A Brief History
The Lodge of Reconciliation was set up in early December, 1813, just before the union of the two rival Grand Lodges on 27th December of that year, to settle, and afterwards to demonstrate, the form of the ritual for the United Grand Lodge of England. The Lodge of Reconciliation ceased working in June, 1816 after the new ritual had been approved at the Quarterly Communication of the Grand Lodge. The Stability Lodge of Instruction, which included several members of the Lodge of Reconciliation amongst its leaders, started working in 1817, but Emulation Lodge of Improvement was not founded until October, 1823. Emulation can, however, claim indirectly almost as close a connection with the Lodge of Reconciliation as can Stability, because many of the Founders of Emulation Lodge of Improvement had been members of the Burlington and the Perseverance Lodges of Instruction. Burlington started working in 1810 (under the Premier or “Moderns” Grand Lodge) and Perseverance started in 1818. There was a substantial degree of common membership as well as a certain amount of “in and out running” between the two, so that although Burlington was in abeyance for two relatively short periods, the net result was a virtually unbroken line of succession, from the time that the Lodge of Reconciliation settled and demonstrated the ritual of the three degrees, down to the foundation of Emulation.
It was on 2nd October, 1823 that the Emulation Lodge of Improvement for Master Masons first met under the sanction of the Lodge of Hope, No. 7 (in 1832 renamed Royal York Lodge of Perseverance, No. 7). When it started working, Emulation taught the ritual settled by the Lodge of Reconciliation by means of the Lectures, and did not begin regularly to demonstrate the actual ceremonies until some time – the exact date is uncertain – in the 1830s. The Lectures were in those days the normal method of teaching the ritual, and Emulation from the beginning worked the Lectures according to The Grand Stewards’ Lodge system, which incorporated the new ritual from 1815; The Grand Stewards’ Lodge continued to demonstrate its Lectures at its twice-yearly Public Nights until the latter ceased to be held after 1867. Emulation adhered to that system, incorporated changes as they were introduced by The Grand Stewards’ Lodge and, most important, has continued to work them regularly up to the present day.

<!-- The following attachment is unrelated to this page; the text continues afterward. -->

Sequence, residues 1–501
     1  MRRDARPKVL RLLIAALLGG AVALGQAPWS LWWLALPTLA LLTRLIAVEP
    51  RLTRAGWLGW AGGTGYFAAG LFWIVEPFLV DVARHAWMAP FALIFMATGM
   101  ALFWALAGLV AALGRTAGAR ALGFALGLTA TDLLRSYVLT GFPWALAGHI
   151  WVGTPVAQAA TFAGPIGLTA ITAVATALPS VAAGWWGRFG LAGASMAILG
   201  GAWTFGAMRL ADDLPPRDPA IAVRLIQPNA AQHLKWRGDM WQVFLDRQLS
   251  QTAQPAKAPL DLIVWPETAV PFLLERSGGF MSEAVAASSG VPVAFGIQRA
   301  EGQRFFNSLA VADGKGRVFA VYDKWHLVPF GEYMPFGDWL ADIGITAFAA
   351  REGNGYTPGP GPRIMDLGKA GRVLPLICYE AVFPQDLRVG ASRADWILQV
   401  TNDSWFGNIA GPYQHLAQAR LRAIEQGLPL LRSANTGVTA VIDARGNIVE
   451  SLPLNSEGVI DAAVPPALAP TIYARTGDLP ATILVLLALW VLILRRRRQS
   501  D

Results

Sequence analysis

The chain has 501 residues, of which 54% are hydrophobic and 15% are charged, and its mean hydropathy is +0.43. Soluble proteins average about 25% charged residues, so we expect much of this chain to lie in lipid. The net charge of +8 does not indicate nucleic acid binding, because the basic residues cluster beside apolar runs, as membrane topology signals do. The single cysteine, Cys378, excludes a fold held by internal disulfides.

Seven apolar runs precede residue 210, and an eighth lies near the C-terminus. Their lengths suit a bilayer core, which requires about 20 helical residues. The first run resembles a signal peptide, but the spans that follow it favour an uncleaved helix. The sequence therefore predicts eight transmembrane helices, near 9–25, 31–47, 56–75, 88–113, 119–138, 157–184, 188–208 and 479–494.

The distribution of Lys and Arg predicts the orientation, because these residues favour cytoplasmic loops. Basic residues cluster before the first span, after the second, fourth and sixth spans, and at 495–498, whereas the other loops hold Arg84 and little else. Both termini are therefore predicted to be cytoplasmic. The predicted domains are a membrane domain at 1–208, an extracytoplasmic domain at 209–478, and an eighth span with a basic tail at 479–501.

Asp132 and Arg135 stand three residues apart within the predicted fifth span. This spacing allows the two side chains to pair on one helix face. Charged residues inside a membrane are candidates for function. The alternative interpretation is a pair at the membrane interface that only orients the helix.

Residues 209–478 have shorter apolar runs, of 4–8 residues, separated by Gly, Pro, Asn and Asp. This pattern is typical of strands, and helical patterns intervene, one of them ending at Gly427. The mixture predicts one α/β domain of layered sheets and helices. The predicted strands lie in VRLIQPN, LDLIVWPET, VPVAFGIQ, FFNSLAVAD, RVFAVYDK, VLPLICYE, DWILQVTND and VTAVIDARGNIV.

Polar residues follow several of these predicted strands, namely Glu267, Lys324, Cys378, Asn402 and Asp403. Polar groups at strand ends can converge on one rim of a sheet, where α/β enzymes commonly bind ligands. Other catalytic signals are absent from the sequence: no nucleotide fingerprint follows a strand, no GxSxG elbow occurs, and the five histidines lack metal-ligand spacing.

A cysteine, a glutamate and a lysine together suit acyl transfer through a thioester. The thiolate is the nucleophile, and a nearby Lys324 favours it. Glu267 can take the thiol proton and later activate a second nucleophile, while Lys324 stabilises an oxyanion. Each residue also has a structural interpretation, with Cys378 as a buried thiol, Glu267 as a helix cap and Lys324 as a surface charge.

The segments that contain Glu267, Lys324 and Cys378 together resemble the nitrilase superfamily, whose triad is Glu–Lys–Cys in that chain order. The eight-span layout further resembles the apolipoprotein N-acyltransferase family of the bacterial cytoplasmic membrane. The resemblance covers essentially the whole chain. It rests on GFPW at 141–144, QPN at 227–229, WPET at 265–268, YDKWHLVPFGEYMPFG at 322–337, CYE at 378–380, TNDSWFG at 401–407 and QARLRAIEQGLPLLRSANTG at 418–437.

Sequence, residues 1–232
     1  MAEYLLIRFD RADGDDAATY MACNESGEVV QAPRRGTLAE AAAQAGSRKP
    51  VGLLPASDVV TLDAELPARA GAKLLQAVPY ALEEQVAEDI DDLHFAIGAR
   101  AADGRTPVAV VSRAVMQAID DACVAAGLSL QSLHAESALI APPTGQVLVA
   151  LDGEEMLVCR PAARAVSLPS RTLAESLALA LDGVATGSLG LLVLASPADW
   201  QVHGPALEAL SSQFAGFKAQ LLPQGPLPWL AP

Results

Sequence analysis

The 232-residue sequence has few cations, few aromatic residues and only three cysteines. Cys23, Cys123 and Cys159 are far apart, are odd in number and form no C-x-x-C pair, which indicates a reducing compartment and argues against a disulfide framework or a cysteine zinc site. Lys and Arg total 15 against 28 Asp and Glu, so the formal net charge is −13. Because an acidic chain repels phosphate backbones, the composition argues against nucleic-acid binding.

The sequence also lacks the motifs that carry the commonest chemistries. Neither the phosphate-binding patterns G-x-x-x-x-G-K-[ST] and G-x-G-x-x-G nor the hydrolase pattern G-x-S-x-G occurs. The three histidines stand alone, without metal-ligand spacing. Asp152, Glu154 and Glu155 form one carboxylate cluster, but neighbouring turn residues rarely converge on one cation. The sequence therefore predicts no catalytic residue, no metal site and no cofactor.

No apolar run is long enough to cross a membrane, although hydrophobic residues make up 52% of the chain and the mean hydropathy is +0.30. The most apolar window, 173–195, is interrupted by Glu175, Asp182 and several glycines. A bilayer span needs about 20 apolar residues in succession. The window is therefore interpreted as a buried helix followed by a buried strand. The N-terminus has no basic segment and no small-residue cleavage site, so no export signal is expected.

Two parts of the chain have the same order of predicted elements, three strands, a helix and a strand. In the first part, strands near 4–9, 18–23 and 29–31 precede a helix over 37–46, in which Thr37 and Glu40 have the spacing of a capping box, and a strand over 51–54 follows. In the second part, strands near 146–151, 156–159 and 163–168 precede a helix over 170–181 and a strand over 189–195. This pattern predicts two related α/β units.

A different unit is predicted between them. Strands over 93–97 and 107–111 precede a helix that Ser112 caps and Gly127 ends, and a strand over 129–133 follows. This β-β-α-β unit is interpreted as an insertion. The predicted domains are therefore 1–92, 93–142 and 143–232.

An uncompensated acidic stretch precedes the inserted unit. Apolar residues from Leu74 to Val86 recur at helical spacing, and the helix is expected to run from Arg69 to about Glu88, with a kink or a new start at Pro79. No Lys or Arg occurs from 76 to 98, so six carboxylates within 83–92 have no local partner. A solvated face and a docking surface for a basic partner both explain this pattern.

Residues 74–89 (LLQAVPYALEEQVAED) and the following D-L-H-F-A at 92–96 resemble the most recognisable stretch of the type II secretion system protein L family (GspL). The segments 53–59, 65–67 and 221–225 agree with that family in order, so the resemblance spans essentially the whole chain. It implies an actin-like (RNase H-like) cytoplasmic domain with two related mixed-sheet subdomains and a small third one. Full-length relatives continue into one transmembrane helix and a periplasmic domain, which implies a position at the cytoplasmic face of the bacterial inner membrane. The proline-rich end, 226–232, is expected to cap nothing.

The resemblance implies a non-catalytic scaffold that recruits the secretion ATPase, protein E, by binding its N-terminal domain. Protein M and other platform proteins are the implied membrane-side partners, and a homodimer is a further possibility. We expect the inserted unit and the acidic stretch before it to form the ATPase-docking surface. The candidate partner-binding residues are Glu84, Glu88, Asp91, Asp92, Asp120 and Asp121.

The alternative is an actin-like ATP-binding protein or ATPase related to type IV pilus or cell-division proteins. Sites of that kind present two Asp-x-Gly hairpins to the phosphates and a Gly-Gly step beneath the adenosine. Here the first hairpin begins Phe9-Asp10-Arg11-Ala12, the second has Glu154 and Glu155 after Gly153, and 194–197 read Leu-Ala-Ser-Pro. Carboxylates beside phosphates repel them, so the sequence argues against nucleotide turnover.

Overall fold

It was not long before the future of the newly established Lodge of Improvement seemed to be under serious threat. From 1818, the Book of Constitutions provided (as it still does) that every Lodge of Instruction had to be held either under the sanction of a regular Lodge, or by the licence and authority of the Grand Master. Although from 1823, Emulation was sponsored by the Lodge of Hope, in March, 1830 it seemed likely that, following a message sent by the Grand Master, the Duke of Sussex, to the Quarterly Communication of Grand Lodge held at the beginning of the month, the Rules in the Book of Constitutions would be tightened to require the Master or a Past Master of the sanctioning Lodge in future to preside at every meeting of a Lodge of Instruction. At this time the Lodge of Hope was very small, and rather weak. The members of Emulation present at the meeting on 19th March decided to protect their position by submitting a Memorial to the Grand Master, reciting their special circumstances as a general Lodge of Instruction serving many Lodges and not just the sanctioning Lodge, and praying the Grand Master to grant them his special licence for the future.
The Grand Master, through the Grand Secretary, declined to grant such a licence, and the members of Emulation therefore felt it prudent to seek sanction from a stronger Lodge. They chose the Lodge of Unions, to which several members of Emulation then belonged and which has remained the sponsoring Lodge to this day.
Emulation has over the years enjoyed the support of not only many distinguished, but also many dedicated, Freemasons. Among the distinguished have been four Grand Secretaries, three Presidents of the Board of General Purposes, five Grand Directors of Ceremonies and several Provincial Grand Masters. The first of the dedicated was Bro. Peter Gilkes, who joining Emulation in 1825 rapidly became its acknowledged leader till his death in December 1833; it was he who gave Emulation its abiding ethos of always checking the passing error lest it should pass into common currency.